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Push for abortion reform on agenda

QUEENSLAND Bioethics Centre director Ray Campbell believes rumblings over the possibility of doctors being prosecuted for prescribing medical abortions are part of moves to pressure the State Government for abortion law reform.

Medical Guild of St Luke president Dr Terrence Kent supports Mr Campbell’s view.

Earlier this month the Royal Brisbane and Women’s Hospital suspended medical abortion services (providing drug-induced abortions) after it sought advice from the Queensland Solicitor-General in the light of the prosecution of a Cairns couple for illegally procuring a drug-induced abortion.

The Australian newspaper reported that the hospital was also seeking clarification of a ruling by a Supreme Court judge that suggested doctors were at risk of committing a criminal offence for performing medical abortions.

It also reported that the Royal Australian and New Zealand College of Obstetricians and Gynaecologists (RANZCOG), acting on legal advice, was calling on the State Government to repeal sections of the Queensland criminal code to address the situation.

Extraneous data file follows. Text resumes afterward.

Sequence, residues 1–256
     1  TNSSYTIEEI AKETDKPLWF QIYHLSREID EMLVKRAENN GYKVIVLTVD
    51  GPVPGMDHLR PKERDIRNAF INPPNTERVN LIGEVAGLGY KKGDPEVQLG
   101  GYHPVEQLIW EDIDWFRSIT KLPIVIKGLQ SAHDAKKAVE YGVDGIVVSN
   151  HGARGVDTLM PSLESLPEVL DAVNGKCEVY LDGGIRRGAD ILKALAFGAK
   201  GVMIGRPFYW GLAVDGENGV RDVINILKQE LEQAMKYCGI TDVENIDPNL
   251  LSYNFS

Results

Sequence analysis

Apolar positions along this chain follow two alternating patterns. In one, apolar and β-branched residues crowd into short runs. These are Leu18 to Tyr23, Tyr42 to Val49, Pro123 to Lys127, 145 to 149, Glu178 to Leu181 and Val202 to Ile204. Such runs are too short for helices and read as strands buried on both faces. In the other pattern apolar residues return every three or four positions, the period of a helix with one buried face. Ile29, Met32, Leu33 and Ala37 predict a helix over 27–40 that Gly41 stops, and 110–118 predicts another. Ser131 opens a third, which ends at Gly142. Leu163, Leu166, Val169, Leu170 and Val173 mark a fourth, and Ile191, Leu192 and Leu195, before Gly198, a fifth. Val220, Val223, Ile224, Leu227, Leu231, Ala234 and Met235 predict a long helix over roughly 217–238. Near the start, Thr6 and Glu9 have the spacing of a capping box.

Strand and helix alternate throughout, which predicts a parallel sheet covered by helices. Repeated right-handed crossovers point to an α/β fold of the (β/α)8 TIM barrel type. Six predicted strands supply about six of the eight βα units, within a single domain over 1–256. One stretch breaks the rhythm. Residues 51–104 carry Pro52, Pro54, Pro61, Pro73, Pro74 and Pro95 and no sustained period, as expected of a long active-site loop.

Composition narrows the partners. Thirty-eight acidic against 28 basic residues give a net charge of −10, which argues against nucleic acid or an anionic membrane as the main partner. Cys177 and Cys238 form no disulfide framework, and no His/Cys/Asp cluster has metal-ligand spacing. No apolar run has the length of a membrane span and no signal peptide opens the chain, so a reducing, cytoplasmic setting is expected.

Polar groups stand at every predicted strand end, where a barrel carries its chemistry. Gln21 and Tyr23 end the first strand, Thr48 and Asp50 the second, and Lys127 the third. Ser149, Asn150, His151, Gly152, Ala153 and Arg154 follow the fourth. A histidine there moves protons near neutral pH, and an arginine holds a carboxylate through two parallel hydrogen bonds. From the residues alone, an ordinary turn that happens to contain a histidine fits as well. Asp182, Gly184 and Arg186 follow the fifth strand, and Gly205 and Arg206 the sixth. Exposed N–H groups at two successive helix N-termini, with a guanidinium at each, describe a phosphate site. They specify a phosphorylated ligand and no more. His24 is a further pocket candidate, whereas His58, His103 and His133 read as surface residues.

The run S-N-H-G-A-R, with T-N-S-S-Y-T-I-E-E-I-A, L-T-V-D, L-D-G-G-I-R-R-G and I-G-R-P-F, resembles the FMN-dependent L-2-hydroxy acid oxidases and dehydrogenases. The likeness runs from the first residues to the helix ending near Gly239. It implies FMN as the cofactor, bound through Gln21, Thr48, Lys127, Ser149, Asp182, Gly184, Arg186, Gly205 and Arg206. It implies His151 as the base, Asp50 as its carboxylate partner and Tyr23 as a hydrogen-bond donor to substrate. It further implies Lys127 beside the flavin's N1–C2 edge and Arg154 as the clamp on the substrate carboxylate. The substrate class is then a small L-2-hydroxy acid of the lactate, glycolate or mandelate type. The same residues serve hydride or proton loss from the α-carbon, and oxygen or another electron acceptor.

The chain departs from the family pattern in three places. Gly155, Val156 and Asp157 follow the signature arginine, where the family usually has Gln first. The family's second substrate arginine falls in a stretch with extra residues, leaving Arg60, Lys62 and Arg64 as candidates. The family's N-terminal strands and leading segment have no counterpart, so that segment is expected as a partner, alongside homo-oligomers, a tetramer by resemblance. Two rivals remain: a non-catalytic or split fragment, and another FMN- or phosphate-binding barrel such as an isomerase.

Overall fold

In response to these developments, state cabinet on Monday agreed to amend a section of the criminal code to offer protection for doctors prescribing medical abortions.

The Australian reported the RANZCOG said the proposed changes were not enough.

Mr Campbell applauded the suspension of medical abortion services by the Royal Brisbane and Women’s Hospital.

“I do not think it is such a bad thing that doctors at Royal Brisbane and Women’s Hospital have suspended their medical abortion service,” he said.

“I would hope that they might take the occasion to reflect a little more deeply on the service they offer.”

Mr Campbell and Dr Kent believe the discussions over medical abortions to be an orchestrated smoke screen to push for abortion reform.

Mr Campbell said no doctor had been prosecuted for prescribing a medical abortion.

“I suspect that what lies behind the present situation is another move to enforce the decriminalisation of abortion in Queensland,” he said.

“Given the role played by the Royal Australian and New Zealand College of Obstetricians and Gynaecologists in the Victorian (abortion) legislation, their advice is rather predictable.”

Dr Kent said there had been no change to the law.
“We think this whole situation is an orchestrated thing, the law hasn’t changed,” he said.

“It is a definite move to change the law and we need these laws to protect against situations where women and babies are under threat.

“If you take away any legal impediment (to abortion) it could be disastrous. It would leave things open to abuse.”

 

Written by: Staff writers
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